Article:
ForumsCorollas2019-21ToyotasTech

Dmitry

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  1. From my experience, if either the transmission or the torque converter are bad, no service will bring it back, unless it really is just low on fluid. Does the check engine light come on at all? (Just wondering why the mechanic decided it was a bad MAF sensor)
  2. Yeah if the chain is loose, that's bad, you really need to replace it soon, it will cost you to do a valve job and even after that it'll probably never run the same. And do replace the chain/guides/sprockets together since they wear together. No sense for a sprocket worn in a certain pattern wearing down the new chain. And a new tensioner will do nothing for a worn chain, it can only stretch it so far. On another note though, try listening to the drive belt tensioner pulley, mine is pretty noisy, going to replace soon. Just sounds like a worn bearing rattle. I think it's the noisiest component in there right now...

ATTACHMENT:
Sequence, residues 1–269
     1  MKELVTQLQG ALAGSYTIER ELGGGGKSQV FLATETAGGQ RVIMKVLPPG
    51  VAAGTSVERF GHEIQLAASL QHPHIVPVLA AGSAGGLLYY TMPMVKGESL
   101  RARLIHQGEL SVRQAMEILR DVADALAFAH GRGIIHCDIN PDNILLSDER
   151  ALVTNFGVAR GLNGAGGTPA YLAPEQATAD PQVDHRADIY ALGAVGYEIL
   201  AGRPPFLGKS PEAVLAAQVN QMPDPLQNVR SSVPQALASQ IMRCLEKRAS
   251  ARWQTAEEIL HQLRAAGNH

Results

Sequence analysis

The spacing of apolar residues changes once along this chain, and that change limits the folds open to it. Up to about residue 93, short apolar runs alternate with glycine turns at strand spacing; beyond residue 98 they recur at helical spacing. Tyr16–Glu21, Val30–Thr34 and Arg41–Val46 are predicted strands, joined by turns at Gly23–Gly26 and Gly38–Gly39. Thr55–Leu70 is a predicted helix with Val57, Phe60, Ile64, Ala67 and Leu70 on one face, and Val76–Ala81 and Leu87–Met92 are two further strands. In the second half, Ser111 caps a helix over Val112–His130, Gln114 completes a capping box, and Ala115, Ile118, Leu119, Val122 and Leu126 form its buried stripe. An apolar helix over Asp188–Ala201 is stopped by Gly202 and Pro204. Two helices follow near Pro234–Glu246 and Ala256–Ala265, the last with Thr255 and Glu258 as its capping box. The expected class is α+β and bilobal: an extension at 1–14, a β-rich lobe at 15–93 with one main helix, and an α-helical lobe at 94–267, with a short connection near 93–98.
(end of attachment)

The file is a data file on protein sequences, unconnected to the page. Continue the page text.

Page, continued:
3. I was just listening to my 1ZZFE and I hear the same sound. I don't think it has anything to do with A/C though, I had it turned off. It happens when it's idling and I manually open the throttle a little bit (just like it does when the compressor kicks in). I assume it is normal, and I guess it could be the VVT mechanism, there are some tight passages in there and oil is flowing pretty fast... I don't think it's anything out of the ordinary, I remember hearing same sound when it was new.